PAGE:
When my kids do not want to do their household chores, they complain that I am giving them avodat parech – the term the Torah uses to describe the slave-labour conditions of the Israelites in Egypt: "The Egyptians imposed upon the Israelites avodat parech" (Exodus.1:13).
Avodah means work, and parech means shattering or crushing. Avodat is the possessive form of avodah. Avodat parech is the work of shattering. It is significant that parech is not an adjective modifying avodah. Parech is a noun. Just like you can have avodat beniyah - building work, in which the goal is building, here the goal is crushing. According to Rashi, avodat parech is "hard work that crushes the body and breaks it". Rabbi Saadia Gaon includes humiliation as part of the meaning of parech.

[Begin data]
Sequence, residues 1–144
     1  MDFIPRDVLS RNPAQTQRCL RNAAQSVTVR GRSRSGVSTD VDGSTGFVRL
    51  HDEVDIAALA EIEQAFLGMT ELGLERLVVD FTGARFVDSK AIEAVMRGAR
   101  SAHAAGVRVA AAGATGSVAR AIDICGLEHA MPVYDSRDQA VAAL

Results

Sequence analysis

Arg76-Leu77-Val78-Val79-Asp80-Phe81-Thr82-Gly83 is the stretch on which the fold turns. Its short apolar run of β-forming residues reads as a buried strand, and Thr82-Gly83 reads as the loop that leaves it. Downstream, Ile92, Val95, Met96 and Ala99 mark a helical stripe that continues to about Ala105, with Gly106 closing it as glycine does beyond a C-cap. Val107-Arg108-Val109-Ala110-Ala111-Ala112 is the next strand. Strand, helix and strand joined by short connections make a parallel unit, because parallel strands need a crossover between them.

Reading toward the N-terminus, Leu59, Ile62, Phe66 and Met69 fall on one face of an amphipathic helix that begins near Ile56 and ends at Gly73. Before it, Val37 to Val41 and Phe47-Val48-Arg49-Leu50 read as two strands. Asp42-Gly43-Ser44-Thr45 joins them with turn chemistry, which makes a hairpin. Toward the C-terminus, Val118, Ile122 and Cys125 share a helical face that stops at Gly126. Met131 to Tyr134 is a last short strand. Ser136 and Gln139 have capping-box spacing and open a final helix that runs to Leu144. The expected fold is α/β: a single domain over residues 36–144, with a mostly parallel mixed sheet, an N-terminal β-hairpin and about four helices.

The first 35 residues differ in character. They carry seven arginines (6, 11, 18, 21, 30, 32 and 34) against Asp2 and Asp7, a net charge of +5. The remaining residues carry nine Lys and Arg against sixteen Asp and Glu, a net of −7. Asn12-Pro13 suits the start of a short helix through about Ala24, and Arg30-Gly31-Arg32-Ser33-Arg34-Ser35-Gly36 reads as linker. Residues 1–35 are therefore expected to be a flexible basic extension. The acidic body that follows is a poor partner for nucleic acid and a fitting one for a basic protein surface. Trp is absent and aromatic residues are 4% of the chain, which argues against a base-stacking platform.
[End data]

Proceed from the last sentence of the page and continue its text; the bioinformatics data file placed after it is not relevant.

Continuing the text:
The Midrash adds a more sinister meaning to parech by reading it as two words: peh rach - a soft mouth. The Egyptians sweet talked the Israelites into hard-labour.
The flipside of avodat parech is what every person needs to feel inspired - purposeful work. If I teach my kids that caring for our home is meaningful work, they will not see it as avodat parech.